“To me the most dangerous situation would be that you are misdiagnosing something as cervical cancer when it is genital schistosomiasis, removing parts of the cervix, unnecessarily creating problems for the women, fertility wise and vice versa as well,” says Kjetland.

As the overlap of the incidence of cervical cancer and the prevalence of schistosomiasis presents itself in Africa, coupling the two diseases using an integrated approach through opportunities in screening, early treatment and awareness creation would maximise cost effectiveness from limited resources available, says Teresa Norris a sexual health specialist and HPV expert, the founder and president of HPV global action.

Scientists also have an opportunity through a screening method that can be used for both diseases, the Automated Visual Evaluation (AVE), a deep learning computer application.

A typical country programme would first target HPV and cervical cancer prevention by combining screening simultaneously girls aged nine to 14 and then screening and treatment for women 25 to 45 years, scientists say.

“We would first of all do screening for cervical cancer lesions using AVE while simultaneously screening for FGS lesions using this same tool and then providing treatment,” said Norris.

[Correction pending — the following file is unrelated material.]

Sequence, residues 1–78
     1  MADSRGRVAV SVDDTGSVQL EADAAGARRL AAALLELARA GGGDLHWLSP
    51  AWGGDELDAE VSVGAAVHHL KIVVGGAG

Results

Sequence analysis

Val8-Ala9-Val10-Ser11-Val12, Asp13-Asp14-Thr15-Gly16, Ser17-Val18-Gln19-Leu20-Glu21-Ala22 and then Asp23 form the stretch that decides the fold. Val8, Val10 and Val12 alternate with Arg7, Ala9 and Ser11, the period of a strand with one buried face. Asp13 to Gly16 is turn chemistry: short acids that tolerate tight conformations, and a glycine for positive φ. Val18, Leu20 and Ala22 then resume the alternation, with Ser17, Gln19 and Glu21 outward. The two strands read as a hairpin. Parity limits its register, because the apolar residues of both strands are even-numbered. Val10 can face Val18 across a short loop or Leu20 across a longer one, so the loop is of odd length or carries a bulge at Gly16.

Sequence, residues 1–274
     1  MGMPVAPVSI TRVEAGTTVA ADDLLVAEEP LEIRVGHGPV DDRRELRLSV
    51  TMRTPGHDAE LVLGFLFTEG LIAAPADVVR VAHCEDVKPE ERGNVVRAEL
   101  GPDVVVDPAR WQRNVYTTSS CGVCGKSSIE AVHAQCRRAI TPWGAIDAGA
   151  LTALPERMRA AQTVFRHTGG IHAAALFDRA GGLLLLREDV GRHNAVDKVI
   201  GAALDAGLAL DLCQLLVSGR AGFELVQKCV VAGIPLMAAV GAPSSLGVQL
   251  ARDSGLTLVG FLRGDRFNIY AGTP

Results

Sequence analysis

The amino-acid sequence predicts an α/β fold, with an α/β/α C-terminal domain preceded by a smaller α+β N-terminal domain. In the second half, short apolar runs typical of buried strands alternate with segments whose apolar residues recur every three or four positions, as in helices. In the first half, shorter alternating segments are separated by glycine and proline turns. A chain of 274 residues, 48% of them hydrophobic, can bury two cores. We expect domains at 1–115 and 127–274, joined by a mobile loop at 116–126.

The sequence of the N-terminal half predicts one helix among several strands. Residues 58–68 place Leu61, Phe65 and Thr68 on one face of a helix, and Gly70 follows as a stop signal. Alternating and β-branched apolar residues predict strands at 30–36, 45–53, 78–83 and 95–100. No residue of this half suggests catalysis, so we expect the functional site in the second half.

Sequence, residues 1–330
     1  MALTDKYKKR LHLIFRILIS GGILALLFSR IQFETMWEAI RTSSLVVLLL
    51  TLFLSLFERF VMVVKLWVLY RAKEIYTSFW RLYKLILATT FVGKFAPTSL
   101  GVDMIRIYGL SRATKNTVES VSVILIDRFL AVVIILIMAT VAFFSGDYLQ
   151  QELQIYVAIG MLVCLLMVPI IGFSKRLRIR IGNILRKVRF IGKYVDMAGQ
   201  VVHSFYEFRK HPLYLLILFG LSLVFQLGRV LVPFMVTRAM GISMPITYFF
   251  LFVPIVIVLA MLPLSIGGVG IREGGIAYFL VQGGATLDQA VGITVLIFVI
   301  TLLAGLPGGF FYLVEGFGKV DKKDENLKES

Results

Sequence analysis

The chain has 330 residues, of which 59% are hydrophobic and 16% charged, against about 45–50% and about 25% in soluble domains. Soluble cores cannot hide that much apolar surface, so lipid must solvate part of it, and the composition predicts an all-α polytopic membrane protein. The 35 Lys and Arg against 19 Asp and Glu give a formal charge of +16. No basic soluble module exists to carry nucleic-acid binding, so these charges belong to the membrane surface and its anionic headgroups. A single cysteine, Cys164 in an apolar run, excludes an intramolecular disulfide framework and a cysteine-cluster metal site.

Secondly, the program can look at the country wide HPV vaccination programs that run through GAVI while simultaneously providing Praziquantel through GAVI to supplement the mass Drug Administration programs. Many GAVI countries also have an objective of eliminating Schistosomiasis transmission.

The scientists say they need to consider the country’s specific resources, needs and attitudes to ensure this will work.“This will give us an opportunity to be mapping for FGS and cervical cancer via a pilot project proof of concept studies in Africa in several places,” says Norris. “These initiatives in individual countries will be able to assess the accessibility and feasibility and then we can move towards scaling it up for population control in many African countries.”

Both diseases also require early treatment for better outcomes. “The diagnosis and management strategies for the two need to be hand in hand. For the young girls we know that this can be prevented if you treat it early, so they don’t have to walk into their first sexual intercourses with damaged genitals,” says Kjetland.